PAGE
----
As seems appropriate given that my daughter has just started school for the year, today I have five posts that are all about bringing joyful learning back to the classroom, one way or another. In the first, a first grade teacher introduces a play kitchen in her classroom. In the second, a veteran teacher assigns his students things like "read a book" and "volunteer", instead of offering traditional homework. In the third, the author laments efforts to force all preschoolers to sit still for group learning sessions. In the fourth, a teacher gives tips for empowering students in the classroom. In the fifth article, a Texas teacher defends her new "no homework" policy. All five of these post offer an encouraging view of teachers trying to help kids to learn through play, and figure out what truly engages them.
Sarah Cooley: "Let’s face it. Technology has taken over, and while technology is amazing-- gone are the days when videos,iPad's, Kindles, and such weren’t at our fingertips every given minute. The play kitchen will allow my students the opportunity to pretend again. How many memories do we have with our friends playing in the home living center at school? Dressing up and playing with baby dolls? Developing imagination will inspire them to become creative writers and thinkers. I think I will see a dramatic change in the writing my students produce because of the play kitchen."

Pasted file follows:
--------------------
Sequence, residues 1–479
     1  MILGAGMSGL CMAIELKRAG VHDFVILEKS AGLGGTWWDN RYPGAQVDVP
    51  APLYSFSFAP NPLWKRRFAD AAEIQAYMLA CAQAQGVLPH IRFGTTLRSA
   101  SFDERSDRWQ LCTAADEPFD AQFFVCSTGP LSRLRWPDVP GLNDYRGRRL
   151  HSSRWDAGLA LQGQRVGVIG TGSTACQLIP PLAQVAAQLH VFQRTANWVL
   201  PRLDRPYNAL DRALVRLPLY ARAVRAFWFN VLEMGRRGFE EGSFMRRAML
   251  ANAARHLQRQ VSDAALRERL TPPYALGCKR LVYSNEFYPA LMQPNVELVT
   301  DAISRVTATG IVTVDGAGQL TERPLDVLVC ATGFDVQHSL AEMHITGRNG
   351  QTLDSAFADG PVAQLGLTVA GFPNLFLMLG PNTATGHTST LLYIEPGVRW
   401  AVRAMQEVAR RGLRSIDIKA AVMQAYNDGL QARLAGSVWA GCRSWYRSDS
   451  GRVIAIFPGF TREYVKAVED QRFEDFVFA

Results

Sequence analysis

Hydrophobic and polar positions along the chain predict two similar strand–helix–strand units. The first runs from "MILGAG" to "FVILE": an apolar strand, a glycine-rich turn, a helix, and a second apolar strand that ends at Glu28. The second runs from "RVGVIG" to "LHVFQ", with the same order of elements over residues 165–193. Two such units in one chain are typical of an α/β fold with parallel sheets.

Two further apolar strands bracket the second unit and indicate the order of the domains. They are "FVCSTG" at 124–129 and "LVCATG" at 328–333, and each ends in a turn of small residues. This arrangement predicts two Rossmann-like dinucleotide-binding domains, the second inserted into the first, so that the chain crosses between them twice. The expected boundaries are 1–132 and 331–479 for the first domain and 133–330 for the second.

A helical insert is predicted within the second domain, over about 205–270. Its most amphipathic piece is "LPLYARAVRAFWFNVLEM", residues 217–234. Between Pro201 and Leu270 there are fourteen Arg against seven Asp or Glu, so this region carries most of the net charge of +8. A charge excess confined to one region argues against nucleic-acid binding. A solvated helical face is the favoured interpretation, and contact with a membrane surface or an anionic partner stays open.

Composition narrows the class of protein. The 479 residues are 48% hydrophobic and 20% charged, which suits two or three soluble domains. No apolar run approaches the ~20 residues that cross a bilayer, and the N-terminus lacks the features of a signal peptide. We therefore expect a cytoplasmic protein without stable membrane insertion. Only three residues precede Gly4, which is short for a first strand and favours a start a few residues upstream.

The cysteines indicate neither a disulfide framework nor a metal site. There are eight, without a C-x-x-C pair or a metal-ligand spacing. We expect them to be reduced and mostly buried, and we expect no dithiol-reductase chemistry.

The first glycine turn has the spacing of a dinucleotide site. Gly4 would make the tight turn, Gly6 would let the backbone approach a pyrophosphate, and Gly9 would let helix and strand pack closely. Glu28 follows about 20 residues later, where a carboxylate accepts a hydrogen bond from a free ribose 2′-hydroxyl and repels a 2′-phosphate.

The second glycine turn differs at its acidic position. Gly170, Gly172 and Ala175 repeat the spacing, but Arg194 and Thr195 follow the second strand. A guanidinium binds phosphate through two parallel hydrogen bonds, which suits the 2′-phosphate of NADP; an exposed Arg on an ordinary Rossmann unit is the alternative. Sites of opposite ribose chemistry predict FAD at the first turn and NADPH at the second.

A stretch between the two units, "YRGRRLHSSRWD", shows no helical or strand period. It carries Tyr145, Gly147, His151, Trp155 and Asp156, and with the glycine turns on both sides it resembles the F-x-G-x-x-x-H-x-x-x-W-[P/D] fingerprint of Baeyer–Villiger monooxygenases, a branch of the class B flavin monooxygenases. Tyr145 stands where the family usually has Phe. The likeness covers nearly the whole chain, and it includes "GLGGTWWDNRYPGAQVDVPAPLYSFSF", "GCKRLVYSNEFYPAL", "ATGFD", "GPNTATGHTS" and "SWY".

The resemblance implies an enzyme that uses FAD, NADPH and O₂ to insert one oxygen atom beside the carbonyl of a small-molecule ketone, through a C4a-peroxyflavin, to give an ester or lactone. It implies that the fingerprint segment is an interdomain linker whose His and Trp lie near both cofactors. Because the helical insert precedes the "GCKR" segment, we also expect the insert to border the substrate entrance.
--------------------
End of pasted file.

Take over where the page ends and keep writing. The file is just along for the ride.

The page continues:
Me: How great is it that this first grade teacher is bringing in a play kitchen for her students? While some of her reasons, like the one quoted above, focus on benefits to creativity and literacy, her real reason is clear: Kids who are six years old need and deserve time to PLAY. At my daughter's school, the play kitchen in the kindergarten sat and collected dust all year last year, so I have no expectation of this in first grade. But it makes me happy to think of Sarah Cooley's students out there somewhere. I'll be following her blog going forward, and will share any updates about the success of the play kitchen.
Peter Cameron: "My views on homework have changed and evolved over my 20+ years of teaching. I’ve arrived at the conclusion that traditional homework has done nothing to improve my students’ academic performance or their ability to think and learn. In fact, I believe it’s had somewhat of the opposite effect. When homework piled up, stress increased and students came back to school tired, overwhelmed and burnt out. I also found that students who had little support from parents or guardians with their homework (whether it be assisting them or encouraging them to get it done) tended to come back with it incomplete. This created a large gap in learning for my students who weren’t able to complete their homework."
Me: Peter Cameron goes on to share a "homework" assignment that he started giving to his students near the end of the last school year. Kids are to do one or more of the following for 90 minutes each day: play outside, exercise, create something, read a book, etc. He actually made a little form with checkboxes that students can use to track their progress. How amazing is that? Early results that he reported in June were positive. I'll be following Peter's blog this year for updates.